The applications of more precise research technologies such as in silico molecular docking, to identify and study novel applications of food components to safely improve and perhaps reverse, insulin-resistance within a preventative dietary approach have been driven by two things: the understanding of different issues involved with glucose homeostasis and also the clearer clustering of metabolic syndrome abnormalities caused by insulin-resistance, leading to increased inflammation, according to Andrea Zangara, MS, scientific marketing manager, Euromed SA of Spain.
Despite the spate of rollouts and reformulations of foods and beverages with no added sugar, and grain and other slower carbs, recent data shows that the typical diet still contains carbs and sugar in high proportions, observed Jocelyn Bérubé, executive vice president, scientific & regulatory affairs, InnoVactiv Inc, Canada. Estimates show that sugar consumption is reaching slightly more than 140 pounds per person annually, while simple carb consumption (including other forms like starch, maltodextrins and HFCS) rose from nearly 44 percent of daily calories in 1971-75 to an average of approximately 50 percent over the last seven NHANES surveys (i.e. after the 1977 publication of “Dietary Goals in the U.S.” which ushered in the low-fat era).
Putting those stats into current context, Berube asserted, “High-carb intake means that every meal pushes our blood glucose to high levels, triggering the release of large amounts of insulin and forming dangerous free radicals and glycated end products. Constantly high insulin levels also pave the way to insulin resistance. No surprise then that nearly 34 percent of U.S. adults are prediabetic!”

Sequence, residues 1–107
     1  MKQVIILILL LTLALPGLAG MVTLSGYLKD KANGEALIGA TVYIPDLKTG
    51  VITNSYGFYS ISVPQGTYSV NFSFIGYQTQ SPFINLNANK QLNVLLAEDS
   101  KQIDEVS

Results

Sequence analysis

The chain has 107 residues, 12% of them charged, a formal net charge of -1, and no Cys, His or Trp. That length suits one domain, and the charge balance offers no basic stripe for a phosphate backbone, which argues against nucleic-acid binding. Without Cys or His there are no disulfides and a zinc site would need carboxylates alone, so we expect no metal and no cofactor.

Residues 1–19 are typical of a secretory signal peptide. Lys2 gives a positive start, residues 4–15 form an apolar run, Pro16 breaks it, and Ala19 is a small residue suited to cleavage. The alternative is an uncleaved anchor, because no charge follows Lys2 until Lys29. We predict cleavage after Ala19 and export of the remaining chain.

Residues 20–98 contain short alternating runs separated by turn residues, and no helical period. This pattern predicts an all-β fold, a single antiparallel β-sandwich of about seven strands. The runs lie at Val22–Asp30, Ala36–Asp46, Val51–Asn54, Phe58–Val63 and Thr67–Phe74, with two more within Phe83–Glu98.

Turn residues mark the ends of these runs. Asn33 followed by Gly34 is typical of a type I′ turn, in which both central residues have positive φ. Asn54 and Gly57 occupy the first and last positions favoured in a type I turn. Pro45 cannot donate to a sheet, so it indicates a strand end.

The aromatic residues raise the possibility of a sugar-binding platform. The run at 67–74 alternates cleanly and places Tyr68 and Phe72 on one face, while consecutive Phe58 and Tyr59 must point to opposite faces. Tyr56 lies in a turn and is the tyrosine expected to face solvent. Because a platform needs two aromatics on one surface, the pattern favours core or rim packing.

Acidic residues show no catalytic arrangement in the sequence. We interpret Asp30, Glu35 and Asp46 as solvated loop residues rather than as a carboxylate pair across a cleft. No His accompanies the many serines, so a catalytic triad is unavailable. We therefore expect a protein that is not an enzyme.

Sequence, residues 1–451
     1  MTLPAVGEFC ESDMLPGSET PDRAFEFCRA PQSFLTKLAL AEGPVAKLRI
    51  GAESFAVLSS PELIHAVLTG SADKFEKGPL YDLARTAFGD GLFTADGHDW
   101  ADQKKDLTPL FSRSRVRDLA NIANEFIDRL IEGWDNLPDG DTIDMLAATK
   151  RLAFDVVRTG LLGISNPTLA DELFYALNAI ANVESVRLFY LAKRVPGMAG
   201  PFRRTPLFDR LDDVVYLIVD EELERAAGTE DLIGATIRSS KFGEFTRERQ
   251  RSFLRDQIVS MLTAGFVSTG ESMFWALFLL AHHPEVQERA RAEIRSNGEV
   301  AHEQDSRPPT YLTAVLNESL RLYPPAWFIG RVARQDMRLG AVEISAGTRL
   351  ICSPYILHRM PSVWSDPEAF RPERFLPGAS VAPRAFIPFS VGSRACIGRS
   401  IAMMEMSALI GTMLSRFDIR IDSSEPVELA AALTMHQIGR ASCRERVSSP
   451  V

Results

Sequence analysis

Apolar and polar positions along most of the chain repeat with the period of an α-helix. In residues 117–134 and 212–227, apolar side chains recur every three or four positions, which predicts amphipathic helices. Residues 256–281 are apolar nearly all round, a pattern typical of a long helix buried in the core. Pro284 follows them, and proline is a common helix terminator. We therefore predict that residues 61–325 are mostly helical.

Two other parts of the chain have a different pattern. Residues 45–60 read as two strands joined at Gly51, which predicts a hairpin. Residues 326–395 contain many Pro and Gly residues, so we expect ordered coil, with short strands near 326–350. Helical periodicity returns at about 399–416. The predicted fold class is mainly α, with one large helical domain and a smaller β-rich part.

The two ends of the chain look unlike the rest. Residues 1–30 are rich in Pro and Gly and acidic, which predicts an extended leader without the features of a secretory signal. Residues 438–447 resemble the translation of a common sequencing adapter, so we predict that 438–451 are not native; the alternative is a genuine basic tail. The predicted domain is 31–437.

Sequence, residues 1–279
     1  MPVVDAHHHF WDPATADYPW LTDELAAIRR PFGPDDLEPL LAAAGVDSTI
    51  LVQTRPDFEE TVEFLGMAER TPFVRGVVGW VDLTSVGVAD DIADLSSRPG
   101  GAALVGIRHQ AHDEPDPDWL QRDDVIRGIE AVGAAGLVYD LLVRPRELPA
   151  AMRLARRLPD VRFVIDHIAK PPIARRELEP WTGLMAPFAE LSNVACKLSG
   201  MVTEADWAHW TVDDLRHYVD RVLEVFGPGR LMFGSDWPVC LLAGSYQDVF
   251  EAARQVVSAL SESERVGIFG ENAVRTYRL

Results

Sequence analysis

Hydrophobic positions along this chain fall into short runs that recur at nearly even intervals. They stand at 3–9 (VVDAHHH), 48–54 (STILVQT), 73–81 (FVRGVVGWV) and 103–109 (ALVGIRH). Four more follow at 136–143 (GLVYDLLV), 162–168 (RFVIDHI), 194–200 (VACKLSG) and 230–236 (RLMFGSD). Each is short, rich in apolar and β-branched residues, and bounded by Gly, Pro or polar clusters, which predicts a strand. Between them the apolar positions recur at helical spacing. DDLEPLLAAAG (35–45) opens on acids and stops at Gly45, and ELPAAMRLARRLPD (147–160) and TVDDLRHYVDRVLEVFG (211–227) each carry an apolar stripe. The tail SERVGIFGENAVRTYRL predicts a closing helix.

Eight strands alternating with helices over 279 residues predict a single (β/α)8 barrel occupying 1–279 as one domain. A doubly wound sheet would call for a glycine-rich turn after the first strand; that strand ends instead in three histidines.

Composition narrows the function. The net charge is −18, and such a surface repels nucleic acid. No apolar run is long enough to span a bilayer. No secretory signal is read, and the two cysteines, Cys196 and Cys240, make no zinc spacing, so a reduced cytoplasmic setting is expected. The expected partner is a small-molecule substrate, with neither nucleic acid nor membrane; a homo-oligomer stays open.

He added, “True innovation in the category of blood sugar support should target mechanisms of action that safely support blood glucose in a broad spectrum of individuals, including healthy, prediabetics and diabetics alike.”
Numerous suppliers are investing in research and development of natural ingredients that are shown to help the body regain balance in blood sugar and insulin sufficiency. Ingredients range from botanical roots used in traditional medicine systems, to polyphenols and antioxidants, to fibers and fruit extracts.
LJ100 Tongka Ali (Eurycoma longifolia), long known as the king of men’s health and virility supplements and long history of traditional use in Malaysia, has now been shown through a new in vitro study to help manage blood glucose. Specifically, researchers focused on a compound contained within the patented ingredient, a 4.3kDa peptide—known to provide stamina enhancement and energy release as well as to act as an anti-hyperglycemic—on insulin secretion and glucose uptake.
Specifically, according to Annie Eng, CEO of HP Ingredients, the researchers incubated cultured cells (3T3-L1, L6, BRIN-BD-11 and Caco-2 cells) with concentrations of E. longifolia water extract or the peptide then determined their viabilities after 24 hours. After this time period, higher doses of both were used to determine glucose uptake into 3T3-L1 and Caco-2, and L6 cells, while insulin secretion was assessed from BRIN-BD-11 cells.